Nat’s book, Un-Cook Yourself: A Ratbag’s Rules for Life (Ebury Australia, $33) is out December 1.

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Saudi women’s rights activist Loujain al-Hathloul faces trial in terrorism court – Channel 4 News

A women’s rights activist, who has been held by authorities in Saudi Arabia, has been put on trial – just days after the kingdom hosted the G20 summit.

Loujain al-Hathloul was arrested in 2018, shortly before women were given the right to drive. Her family say she has been tortured and will now be tried in a terrorism court. But could the change in a US administration make a difference for her?

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Furloughed workers face challenge getting mortgages – Channel 4 News

If it wasn’t already a struggle to get onto the housing ladder, things just got that much harder for people on furlough.

While the pandemic has sent the wealthy rushing to snap up desirable countryside homes, many people – including the millions currently on furlough – are finding it a challenge to get a mortgage in the first place.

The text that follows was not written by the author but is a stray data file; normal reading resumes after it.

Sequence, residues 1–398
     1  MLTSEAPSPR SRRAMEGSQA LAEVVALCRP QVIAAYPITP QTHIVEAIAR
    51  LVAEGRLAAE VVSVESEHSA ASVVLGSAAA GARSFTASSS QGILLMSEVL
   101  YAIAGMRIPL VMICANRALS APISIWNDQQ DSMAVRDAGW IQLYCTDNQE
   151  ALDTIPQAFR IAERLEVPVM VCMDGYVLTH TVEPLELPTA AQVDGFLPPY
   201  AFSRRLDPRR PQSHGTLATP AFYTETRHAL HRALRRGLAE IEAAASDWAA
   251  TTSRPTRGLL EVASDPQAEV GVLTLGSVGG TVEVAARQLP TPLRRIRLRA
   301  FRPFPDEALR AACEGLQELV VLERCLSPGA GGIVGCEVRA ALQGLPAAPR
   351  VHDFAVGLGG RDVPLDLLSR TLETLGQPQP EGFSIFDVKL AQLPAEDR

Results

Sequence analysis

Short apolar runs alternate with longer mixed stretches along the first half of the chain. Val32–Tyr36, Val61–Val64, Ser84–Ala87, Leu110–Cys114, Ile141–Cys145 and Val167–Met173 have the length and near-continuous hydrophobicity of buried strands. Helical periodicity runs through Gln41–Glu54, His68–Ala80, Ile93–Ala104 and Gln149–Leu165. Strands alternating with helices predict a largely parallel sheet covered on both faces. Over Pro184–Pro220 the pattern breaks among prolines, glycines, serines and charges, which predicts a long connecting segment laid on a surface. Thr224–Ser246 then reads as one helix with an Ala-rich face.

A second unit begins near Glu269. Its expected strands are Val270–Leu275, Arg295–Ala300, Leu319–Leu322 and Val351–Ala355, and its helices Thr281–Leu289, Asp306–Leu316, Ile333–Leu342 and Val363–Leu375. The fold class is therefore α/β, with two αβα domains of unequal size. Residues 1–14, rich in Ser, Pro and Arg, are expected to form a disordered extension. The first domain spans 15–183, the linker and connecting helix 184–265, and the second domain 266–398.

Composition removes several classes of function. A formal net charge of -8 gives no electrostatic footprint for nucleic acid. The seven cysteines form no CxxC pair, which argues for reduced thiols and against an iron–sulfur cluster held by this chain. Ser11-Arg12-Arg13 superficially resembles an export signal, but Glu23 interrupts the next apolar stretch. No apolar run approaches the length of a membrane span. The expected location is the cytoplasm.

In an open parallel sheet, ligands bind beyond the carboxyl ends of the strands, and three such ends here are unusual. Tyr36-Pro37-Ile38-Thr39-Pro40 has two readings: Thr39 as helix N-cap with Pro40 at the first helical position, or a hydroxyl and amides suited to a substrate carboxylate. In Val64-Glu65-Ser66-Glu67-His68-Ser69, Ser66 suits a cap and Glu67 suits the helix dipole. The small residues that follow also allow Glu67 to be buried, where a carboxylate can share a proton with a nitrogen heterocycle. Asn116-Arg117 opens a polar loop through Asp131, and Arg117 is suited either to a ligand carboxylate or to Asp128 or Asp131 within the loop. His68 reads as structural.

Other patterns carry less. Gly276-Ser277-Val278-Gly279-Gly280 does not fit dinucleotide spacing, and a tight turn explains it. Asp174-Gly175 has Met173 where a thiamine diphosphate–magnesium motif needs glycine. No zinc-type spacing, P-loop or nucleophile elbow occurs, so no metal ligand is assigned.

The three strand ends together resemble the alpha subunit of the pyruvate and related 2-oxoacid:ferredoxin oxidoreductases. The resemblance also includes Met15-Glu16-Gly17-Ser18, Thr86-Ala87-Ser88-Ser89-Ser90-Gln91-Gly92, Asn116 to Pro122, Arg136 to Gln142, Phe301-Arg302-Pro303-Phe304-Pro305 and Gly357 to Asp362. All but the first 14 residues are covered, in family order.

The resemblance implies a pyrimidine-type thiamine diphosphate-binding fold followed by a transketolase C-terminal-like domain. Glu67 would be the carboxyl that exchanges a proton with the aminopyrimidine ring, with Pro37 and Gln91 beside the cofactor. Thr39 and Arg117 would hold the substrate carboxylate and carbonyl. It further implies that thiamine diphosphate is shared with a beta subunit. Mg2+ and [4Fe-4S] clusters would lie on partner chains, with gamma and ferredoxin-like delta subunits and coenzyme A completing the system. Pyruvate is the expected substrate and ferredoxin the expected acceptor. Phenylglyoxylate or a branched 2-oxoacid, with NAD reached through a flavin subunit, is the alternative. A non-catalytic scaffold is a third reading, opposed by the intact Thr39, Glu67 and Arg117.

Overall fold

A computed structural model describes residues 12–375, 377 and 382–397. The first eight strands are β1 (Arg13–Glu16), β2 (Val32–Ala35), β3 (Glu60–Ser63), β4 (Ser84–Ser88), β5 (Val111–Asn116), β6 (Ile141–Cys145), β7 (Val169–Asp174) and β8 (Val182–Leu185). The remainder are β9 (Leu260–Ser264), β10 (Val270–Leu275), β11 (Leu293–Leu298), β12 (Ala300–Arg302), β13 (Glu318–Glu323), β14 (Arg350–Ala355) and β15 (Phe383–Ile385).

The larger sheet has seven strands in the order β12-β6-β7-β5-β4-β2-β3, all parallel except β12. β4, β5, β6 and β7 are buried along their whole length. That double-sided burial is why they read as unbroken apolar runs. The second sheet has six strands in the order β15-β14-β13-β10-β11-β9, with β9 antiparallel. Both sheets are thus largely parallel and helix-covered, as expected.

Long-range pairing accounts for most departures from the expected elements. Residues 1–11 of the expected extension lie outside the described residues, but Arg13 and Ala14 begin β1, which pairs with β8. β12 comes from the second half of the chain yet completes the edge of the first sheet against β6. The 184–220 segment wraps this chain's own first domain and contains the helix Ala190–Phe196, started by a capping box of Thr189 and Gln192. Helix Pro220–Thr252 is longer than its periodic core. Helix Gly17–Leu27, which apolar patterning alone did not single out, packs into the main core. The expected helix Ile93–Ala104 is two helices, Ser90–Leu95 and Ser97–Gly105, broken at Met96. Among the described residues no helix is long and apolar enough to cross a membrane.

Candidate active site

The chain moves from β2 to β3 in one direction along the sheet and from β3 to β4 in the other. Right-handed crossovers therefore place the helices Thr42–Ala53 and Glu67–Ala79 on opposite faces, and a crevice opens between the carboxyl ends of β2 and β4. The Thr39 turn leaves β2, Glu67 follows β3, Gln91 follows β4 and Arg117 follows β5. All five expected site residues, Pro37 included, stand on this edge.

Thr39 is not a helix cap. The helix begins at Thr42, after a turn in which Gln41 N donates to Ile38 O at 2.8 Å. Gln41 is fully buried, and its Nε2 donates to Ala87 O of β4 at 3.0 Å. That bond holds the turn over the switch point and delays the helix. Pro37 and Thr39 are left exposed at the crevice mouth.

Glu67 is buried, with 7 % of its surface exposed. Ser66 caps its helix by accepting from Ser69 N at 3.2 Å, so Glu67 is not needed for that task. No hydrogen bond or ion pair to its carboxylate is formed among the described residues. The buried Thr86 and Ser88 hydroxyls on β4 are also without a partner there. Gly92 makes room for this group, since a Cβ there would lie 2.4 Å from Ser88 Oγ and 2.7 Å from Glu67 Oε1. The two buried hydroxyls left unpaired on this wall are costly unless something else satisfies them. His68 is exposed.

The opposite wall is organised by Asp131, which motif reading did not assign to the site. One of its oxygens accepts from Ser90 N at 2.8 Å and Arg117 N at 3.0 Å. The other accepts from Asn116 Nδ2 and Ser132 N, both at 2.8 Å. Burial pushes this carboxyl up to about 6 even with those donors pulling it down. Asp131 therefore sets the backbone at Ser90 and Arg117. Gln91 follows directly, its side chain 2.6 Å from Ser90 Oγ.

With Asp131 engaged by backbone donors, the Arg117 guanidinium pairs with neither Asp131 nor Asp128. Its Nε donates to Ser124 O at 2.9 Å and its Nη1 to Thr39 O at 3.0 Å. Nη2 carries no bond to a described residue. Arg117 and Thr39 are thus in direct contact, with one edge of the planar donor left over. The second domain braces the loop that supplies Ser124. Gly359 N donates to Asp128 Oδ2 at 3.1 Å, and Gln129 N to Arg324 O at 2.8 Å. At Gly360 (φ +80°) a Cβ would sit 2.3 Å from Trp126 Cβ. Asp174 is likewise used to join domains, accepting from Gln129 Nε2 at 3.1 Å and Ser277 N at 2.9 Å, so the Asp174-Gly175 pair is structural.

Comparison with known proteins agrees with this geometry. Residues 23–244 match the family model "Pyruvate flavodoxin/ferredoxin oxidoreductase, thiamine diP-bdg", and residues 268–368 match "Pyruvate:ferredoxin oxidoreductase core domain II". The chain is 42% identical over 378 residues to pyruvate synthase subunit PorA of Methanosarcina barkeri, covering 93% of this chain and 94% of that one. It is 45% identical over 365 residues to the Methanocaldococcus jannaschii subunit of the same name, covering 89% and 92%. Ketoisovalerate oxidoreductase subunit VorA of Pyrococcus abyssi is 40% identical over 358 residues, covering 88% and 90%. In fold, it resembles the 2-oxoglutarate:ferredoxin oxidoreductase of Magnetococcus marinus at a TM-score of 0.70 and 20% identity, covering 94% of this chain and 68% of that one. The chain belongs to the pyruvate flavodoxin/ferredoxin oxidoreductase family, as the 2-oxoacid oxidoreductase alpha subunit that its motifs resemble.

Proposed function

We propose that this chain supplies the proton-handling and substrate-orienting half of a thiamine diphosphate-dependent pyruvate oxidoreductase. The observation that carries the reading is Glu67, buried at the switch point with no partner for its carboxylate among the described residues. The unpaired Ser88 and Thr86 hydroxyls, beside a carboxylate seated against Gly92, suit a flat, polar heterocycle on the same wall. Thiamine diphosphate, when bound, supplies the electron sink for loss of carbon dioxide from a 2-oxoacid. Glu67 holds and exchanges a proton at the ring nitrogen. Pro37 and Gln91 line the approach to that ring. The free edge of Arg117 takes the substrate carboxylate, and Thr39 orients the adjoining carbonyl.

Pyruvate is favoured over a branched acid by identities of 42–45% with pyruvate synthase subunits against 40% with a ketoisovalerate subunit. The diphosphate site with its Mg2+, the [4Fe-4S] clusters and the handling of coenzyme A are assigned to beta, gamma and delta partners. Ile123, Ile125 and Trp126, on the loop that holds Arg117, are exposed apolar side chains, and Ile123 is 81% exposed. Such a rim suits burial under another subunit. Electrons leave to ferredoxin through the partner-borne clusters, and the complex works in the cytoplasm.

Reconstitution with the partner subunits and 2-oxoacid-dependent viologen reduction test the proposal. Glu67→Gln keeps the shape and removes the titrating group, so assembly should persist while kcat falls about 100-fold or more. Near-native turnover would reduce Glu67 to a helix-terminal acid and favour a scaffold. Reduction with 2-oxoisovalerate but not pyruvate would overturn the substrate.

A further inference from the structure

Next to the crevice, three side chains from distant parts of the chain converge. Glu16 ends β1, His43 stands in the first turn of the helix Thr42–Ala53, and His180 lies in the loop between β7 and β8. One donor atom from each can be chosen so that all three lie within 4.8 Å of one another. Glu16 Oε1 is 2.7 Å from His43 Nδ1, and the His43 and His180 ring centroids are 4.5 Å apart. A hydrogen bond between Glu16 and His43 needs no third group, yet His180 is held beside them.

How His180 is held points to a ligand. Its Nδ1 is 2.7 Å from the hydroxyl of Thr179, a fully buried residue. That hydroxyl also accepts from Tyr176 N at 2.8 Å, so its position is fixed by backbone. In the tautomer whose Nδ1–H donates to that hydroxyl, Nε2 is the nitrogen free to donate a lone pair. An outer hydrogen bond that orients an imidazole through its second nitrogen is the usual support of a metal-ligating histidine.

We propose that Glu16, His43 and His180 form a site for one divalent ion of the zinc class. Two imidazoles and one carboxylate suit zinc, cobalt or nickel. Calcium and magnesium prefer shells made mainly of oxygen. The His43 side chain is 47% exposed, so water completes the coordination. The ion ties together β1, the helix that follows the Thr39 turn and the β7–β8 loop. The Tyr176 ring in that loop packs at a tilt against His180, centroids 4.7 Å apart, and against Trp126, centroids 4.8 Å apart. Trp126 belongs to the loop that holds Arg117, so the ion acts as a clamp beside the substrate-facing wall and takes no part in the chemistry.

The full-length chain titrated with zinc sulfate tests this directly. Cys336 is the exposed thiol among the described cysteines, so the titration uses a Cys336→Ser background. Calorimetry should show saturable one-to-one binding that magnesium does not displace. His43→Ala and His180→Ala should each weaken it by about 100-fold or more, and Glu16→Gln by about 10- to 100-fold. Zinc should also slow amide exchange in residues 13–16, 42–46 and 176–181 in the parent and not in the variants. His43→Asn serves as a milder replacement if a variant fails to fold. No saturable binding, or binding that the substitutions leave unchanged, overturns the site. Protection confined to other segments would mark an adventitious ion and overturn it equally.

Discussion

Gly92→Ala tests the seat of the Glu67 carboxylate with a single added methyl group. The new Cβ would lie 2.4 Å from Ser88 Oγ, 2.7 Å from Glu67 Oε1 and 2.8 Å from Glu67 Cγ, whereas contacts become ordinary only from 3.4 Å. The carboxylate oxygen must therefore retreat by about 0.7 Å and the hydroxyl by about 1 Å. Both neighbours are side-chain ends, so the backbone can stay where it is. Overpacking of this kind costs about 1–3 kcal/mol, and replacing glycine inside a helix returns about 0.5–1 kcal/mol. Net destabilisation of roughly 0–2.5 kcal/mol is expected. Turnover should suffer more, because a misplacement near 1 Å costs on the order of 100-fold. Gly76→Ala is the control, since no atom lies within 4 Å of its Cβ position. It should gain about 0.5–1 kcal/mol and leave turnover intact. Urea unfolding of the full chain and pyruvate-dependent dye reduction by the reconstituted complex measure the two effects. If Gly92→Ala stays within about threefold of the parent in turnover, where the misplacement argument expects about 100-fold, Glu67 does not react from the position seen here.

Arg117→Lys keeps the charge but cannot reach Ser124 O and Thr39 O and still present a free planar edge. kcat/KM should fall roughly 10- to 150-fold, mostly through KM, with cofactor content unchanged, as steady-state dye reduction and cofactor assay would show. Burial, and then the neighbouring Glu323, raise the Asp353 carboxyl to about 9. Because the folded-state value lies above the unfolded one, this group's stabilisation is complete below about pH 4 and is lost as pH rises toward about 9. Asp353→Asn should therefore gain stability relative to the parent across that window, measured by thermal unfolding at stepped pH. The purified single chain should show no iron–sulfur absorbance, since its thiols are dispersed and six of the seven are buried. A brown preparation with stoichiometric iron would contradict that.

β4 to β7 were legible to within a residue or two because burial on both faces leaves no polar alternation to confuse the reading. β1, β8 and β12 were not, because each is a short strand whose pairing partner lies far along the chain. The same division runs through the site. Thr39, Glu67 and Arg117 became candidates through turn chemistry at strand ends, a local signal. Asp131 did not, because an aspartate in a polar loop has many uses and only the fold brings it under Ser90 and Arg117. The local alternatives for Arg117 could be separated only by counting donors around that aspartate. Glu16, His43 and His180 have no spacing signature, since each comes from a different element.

Even people who have viable jobs and expect to go back to full time work next year are being turned down by lenders.

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Former FA head says ‘lack of leadership’ over football’s handling of Covid – Channel 4 News

With fans banned from grounds and some lower league football clubs struggling to survive, the chairman of Tranmere Rovers says there’s been a “complete lack of leadership” from those in charge of the sport.

Mark Palios, who’s also a former Chief Executive of the FA wants stronger regulation of the sport. Our North of England correspondent Clare Fallon reports.